So, in this sense the Christian faith is really very simple. St. Paul again says in the light of this Good News, “Be reconciled to God”. Believe what has been done for you ….Be Baptised…. washed clean; let him give you His Holy Spirit so that you can receive a life of friendship with God and pass on the Good News to others. But anyone here who knows a game called `Chinese Whispers` will know that sometimes News doesn’t always get passed on correctly. And so we have to be aware of two mistakes that are easily made.
Firstly, we turn this Good News into Good ideas. So for example; there was a survey conducted recently which noted how few people were aware that Jesus is actually a real person and a matter of historical record. But when you think about it this isn`t really that surprising because we`ve been brought up to think of religions as philosophy or ideas and so therefore Christianity must be the same. And it`s more convenient to do that because it then becomes a matter of personal opinion; it`s just your thing; it`s pretty harmless, inoffensive and bland. But everything changes when you take faith out of the realm of ideas and root it in actual people and historical events, which is what the Christian Creeds do.
That`s why the Slogan of the first Christians was “Jesus is Lord”…. They weren`t saying they`d just had a nice religious experience that made them all warm inside…. They were making a claim about whose really running the world; and they themselves were executed because this was an inflammatory thing to say in Roman times where the Imperial slogan was “Caesar is Lord”. So Christians will always go against the grain by saying “We`re not about Good Ideas… but Good News”…. something that has objectively happened.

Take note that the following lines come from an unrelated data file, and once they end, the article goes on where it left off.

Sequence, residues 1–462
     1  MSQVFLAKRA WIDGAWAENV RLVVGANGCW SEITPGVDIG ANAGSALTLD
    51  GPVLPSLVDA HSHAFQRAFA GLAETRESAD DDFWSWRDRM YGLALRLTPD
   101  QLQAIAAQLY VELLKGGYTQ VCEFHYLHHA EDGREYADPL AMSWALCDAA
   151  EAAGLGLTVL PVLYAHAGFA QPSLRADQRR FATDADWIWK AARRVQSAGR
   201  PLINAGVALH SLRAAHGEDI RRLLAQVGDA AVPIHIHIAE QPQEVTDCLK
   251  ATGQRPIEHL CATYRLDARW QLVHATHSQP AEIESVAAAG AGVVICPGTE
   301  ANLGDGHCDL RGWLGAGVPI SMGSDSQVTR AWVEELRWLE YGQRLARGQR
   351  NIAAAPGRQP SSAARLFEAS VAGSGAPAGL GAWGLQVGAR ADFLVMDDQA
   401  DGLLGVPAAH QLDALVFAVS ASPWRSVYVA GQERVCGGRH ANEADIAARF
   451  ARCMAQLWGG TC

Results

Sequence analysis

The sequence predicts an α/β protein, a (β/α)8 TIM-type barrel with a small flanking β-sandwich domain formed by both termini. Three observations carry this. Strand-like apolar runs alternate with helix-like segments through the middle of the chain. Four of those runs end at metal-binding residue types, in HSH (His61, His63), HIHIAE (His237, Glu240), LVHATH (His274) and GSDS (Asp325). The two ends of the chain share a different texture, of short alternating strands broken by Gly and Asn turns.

Now, just as we turn this Good News into Good Ideas… the second error we make is to turn the Good News into Good Advice. Just take a look at your local bookshop and see how many people there are making a tidy living from giving you good advice. Books about weight Loss; pseudo-spirituality; programmes for self-improvement so as to achieve your `goals` and `be the best you can be` are all over the place. And because the Christian Faith is very much concerned with real life and a better way of living in the world it`s assumed that we belong in the same category. But the Christian Faith is not a programme for self-improvement or a private spiritual `trip`. In fact, as I say it`s not really about US at all, it`s about God. It`s not Good Advice on how to live a better life but Good News of what has been done for us…. and how to receive a new life.
So, as we remember with huge gratitude those who gave their lives in the tragedy that is war I`d like to invite us to hold onto that picture: On V.E. Day there was Good News of Victory that has been won… a new order in place…. and spontaneous celebrations. These three things point us to the heart of our faith. We bear the Good News of what God has done in Jesus and we are drawn into his friendship. We announce not good ideas or good advice for self-improvement but the story of Jesus…. God present among us, his defeat of what we call sin and death and his new order in place.
And this is cause, I would say, for spontaneous and regular celebration… which is why we gather here Sunday by Sunday and why the second part of our worship this morning is called the Eucharist or `Thanksgiving`.